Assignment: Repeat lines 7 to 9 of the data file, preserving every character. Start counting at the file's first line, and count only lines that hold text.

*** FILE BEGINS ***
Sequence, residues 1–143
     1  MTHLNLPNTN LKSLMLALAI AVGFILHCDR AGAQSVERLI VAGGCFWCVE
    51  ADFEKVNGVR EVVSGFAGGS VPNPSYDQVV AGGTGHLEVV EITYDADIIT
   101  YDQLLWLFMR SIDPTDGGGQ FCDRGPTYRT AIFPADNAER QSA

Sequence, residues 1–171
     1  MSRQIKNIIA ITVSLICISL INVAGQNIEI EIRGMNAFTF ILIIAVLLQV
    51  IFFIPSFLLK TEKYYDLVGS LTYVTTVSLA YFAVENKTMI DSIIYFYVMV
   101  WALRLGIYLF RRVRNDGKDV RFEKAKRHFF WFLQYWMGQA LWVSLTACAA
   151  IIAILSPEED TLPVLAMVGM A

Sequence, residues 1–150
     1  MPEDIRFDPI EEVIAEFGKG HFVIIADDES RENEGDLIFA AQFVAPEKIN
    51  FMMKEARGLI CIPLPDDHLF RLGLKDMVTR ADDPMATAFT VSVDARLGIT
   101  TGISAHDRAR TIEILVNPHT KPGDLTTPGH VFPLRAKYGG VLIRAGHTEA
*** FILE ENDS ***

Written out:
    51  IFFIPSFLLK TEKYYDLVGS LTYVTTVSLA YFAVENKTMI DSIIYFYVMV
   101  WALRLGIYLF RRVRNDGKDV RFEKAKRHFF WFLQYWMGQA LWVSLTACAA
   151  IIAILSPEED TLPVLAMVGM A